Earl Likely to Miss

The westward jog in computer models we saw Sunday and Monday was a bit concerning but as expected the wobbles west have stopped. Almost all of our models have come into good agreement tracking the storm to just southeast of Nantucket by Friday evening. There is not one model now or in the last 5 days that has brought Earl anywhere west of the Cape Cod Canal!

I’ll be brief about the reason but it seems as if an area of low pressure in Labrador and Quebec, Canada will be sufficiently strong to keep the jet stream roaring from west to east. In essence the low pressure will not allow the jet stream northeast of us to buckle and that will force Earl more and more east the further north he gets.

Clearly things can change with an 84 or 90 hour forecast but even if we start seeing a jog back to the left it would likely be much too late to bring hurricane conditions to Connecticut. It’s important to remember that when storms get to our latitude (and start racing north) they become quite lopsided. Almost all the rain from a hurricane falls left of the storm’s path while almost all the wind blows along and right of the storm’s path.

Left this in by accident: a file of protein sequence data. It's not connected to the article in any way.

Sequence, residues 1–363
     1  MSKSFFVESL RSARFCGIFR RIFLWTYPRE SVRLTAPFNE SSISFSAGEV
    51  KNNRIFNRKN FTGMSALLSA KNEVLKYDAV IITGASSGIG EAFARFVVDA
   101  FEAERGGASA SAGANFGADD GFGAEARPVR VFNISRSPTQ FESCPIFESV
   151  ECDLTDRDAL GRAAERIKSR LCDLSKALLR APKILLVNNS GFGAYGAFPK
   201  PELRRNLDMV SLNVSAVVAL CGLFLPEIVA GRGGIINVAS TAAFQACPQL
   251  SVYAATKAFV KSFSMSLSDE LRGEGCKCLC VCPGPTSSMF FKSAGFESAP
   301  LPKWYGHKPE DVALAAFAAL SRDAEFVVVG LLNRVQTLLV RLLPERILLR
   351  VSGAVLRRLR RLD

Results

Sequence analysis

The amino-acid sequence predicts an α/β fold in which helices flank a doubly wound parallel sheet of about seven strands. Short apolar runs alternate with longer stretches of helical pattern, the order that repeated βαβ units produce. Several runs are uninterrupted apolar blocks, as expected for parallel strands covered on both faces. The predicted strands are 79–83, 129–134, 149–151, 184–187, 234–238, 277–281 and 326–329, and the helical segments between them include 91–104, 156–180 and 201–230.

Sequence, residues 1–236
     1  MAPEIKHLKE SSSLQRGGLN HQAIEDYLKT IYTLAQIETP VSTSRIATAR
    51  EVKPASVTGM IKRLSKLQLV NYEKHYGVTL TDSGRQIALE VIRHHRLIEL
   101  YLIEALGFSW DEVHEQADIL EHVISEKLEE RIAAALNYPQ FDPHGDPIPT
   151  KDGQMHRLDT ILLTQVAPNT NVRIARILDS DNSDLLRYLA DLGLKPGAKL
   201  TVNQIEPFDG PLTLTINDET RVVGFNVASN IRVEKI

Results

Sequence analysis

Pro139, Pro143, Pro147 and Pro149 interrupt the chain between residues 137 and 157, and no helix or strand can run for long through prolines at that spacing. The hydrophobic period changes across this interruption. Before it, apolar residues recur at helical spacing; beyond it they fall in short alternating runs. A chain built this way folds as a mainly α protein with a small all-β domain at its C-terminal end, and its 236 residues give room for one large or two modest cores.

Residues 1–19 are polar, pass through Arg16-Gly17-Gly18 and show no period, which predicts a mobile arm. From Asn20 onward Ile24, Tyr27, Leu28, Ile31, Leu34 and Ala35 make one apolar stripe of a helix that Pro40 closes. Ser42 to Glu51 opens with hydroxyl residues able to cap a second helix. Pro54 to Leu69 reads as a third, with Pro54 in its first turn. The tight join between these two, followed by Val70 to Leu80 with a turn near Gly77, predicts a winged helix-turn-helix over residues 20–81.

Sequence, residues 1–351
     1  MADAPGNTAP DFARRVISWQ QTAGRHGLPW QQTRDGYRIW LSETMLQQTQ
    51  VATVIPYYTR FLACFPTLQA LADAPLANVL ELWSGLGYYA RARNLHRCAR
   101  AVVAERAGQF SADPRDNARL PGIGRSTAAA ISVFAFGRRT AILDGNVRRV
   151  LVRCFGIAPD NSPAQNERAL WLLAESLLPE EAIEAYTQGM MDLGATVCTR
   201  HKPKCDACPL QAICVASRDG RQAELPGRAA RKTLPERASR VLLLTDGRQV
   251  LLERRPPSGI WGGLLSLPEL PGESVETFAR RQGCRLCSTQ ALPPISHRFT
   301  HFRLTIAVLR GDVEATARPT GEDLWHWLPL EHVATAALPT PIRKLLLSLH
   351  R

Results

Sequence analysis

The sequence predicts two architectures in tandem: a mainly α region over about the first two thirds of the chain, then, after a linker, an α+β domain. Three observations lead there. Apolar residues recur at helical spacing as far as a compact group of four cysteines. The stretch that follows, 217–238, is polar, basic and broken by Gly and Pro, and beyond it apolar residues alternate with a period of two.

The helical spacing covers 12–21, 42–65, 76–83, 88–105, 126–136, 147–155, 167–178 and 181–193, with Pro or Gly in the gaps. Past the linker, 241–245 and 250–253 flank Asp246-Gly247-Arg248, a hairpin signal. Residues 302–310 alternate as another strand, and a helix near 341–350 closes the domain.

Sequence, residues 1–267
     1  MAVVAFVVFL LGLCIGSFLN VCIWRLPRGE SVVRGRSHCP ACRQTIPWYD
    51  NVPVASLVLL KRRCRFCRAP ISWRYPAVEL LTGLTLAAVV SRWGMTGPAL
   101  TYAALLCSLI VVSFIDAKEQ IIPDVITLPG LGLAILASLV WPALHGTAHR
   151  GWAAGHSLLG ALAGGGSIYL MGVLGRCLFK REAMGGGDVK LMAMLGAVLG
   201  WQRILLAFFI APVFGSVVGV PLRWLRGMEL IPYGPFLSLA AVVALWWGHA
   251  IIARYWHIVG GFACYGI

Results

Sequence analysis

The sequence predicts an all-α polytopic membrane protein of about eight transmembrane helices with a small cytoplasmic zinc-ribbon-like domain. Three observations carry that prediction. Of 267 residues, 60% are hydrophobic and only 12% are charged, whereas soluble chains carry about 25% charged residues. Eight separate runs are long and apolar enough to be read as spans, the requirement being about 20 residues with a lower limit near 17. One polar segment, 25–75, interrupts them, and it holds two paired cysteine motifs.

I see no reason to disagree with the Hurricane Center forecast for Earl that brings the storm about 100 miles south of Nantucket at the closest path. This could bring strong winds to Cape Cod but won’t do much here in Connecticut. Even if the storm tracked over the Cape which is not expected the impacts would be much less than a solid winter-time nor’easter (and there won’t be any snow with this one!).



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